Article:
Pool Boiling Experiment.
The Pool Boiling Experiment (PBE) is designed to improve understanding of the fundamental mechanisms that constitute nucleate pool boiling. Nucleate pool boiling is a process wherein a stagnant pool of liquid is in contact with a surface that can supply heat to the liquid. If the liquid absorbs enough heat, a vapor bubble can be formed. This process occurs when a pot of water boils. On Earth, gravity tends to remove the vapor bubble from the heating surface because it is dominated by buoyant convection. In the orbiting space shuttle, however, buoyant convection has much less of an effect because the forces of gravity are very small. The Pool Boiling Experiment was initiated to provide insight into this nucleate boiling process, which has many Earthbound applications, such as steam-generation power plants, petroleum, and other chemical plants. Also, by using the test fluid R-113, the Pool Boiling Experiment can provide some basic understanding of the boiling behavior of cryogenic fluids without the large cost of an experiment using an actual cryogen.
The experiment was conceived by Herman Merte of the University of Michigan, was developed by the NASA Lewis Research Center, and is supported by NASA Headquarters' Microgravity Science and Applications Division. The pool boiling prototype system, which was initially flown on STS-47 in September 1992, acquired a considerable amount of scientific data. The expected boiling pattern was observed in all high-heat-flux cases, but a different pattern was observed in the low-heat-flux cases. These differences appear to be caused by the rewetting of the heater surface. The film data indicate that the saturated cases experienced a more activated boiling process (more vapor than expected was generated).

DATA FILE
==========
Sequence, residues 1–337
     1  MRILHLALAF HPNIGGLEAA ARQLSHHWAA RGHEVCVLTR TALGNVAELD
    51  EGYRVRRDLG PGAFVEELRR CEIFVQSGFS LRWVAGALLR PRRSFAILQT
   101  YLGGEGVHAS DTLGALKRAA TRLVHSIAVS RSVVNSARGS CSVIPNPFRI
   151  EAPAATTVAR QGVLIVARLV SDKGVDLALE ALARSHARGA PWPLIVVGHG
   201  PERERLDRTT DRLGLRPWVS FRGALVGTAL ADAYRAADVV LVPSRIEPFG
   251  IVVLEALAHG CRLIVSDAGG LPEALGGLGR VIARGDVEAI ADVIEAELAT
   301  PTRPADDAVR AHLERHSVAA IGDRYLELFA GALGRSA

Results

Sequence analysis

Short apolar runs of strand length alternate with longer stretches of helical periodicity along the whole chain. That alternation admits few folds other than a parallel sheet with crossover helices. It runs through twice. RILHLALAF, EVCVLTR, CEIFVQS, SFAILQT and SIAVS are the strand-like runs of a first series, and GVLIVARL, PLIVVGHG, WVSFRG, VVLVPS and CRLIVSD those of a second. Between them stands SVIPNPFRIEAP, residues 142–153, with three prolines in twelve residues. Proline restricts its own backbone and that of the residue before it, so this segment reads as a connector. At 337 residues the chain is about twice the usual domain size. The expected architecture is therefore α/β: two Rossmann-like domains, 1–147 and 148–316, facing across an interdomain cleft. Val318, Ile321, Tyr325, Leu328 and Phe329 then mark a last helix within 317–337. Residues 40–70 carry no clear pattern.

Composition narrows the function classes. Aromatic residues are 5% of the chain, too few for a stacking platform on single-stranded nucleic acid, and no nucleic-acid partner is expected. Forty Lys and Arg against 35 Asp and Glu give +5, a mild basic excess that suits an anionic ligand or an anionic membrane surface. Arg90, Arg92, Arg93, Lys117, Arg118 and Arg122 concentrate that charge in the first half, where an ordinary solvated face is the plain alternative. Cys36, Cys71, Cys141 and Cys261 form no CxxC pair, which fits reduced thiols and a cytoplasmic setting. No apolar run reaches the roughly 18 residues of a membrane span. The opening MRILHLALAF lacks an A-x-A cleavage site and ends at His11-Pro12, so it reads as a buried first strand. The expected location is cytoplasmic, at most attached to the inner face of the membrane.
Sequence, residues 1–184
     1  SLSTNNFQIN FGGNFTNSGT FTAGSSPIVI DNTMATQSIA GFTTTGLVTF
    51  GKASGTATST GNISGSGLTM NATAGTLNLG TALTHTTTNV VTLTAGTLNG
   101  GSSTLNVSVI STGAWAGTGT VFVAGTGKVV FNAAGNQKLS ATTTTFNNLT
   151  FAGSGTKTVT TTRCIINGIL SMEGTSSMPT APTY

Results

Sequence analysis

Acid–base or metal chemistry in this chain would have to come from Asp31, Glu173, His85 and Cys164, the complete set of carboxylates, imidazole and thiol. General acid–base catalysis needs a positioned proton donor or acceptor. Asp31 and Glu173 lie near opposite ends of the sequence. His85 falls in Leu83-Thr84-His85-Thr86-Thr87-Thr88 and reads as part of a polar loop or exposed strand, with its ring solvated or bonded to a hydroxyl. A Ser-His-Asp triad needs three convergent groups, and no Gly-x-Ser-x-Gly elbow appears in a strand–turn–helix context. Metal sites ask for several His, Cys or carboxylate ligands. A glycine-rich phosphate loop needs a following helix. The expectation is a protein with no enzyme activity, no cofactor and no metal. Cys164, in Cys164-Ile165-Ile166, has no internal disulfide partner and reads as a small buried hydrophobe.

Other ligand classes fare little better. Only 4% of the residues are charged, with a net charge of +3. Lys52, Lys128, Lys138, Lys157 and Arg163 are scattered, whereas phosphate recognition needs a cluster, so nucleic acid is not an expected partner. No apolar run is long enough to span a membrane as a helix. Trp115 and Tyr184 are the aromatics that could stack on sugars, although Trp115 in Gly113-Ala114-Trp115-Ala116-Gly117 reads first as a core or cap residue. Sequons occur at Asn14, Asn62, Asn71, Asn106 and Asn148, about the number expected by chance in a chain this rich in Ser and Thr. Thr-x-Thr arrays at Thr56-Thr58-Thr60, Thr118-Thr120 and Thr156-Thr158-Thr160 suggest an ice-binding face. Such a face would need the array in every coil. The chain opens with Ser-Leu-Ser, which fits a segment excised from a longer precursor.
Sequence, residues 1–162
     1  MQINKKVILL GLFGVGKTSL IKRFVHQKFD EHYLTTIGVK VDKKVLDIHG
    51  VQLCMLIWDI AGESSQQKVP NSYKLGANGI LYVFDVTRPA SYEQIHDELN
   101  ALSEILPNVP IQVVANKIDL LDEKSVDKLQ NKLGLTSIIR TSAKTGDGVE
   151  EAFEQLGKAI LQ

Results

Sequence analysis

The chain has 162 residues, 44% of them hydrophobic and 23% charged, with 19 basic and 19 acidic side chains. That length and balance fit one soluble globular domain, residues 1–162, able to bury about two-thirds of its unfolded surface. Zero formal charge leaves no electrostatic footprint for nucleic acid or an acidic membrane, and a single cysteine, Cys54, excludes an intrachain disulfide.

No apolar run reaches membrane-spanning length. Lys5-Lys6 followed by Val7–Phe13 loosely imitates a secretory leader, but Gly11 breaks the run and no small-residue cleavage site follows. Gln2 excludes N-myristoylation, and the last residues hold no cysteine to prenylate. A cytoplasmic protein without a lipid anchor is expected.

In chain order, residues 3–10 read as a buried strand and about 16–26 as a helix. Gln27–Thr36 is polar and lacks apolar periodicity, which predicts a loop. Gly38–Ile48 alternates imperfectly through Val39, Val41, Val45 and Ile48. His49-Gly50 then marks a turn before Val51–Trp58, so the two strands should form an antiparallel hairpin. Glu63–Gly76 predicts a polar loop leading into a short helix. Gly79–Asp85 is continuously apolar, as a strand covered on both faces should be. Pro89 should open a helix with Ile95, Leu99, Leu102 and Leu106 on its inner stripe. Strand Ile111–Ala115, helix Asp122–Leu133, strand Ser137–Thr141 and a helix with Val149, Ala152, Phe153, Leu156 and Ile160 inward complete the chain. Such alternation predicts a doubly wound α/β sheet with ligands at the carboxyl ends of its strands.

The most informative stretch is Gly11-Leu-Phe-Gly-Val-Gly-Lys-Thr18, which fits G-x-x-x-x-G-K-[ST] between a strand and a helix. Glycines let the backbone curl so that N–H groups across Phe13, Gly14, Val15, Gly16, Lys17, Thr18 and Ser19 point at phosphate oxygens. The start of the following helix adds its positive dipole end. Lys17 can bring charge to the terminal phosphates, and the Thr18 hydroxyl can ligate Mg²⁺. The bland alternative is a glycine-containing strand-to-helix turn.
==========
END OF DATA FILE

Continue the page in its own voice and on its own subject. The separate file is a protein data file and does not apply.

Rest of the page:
Some minor modifications were made in the timing sequences in the test matrix for the next space shuttle flight, STS-57. This was done to increase the probability of observing the initial dynamic vapor bubble growth while the camera was running at the higher speed and to observe the influence of a stirrer on the active boiling process. Observations included the stirrer's effect on the dryout area, the mean heat transfer coefficient, and the nucleate boiling heat transfer coefficient. This latter quantity, which was not originally foreseen as an output from the measurements, resulted from observing the relationships between the mean heater surface temperature and the fractional heater surface dryout area over the long microgravity times available on the shuttle.
Currently, results appear to indicate the potential for quasi-steady nucleate pool boiling in long-term microgravity, with certain combinations of levels of heat flux and bulk liquid subcooling. These were the first experiments of nucleate boiling obtained for long periods of microgravity, and the matrix test conditions were selected in part to cover the reasonably broad range of parameters. Hardware is now being modified for two reflights of this apparatus. Higher subcoolings will be explored in the first flight and lower heat flux values will be studied in the second flight. It is expected that "explosive" bubble growth will occur at low heat flux values.
Find out more about the Lewis' microgravity experiments.
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Last updated April 16, 1996
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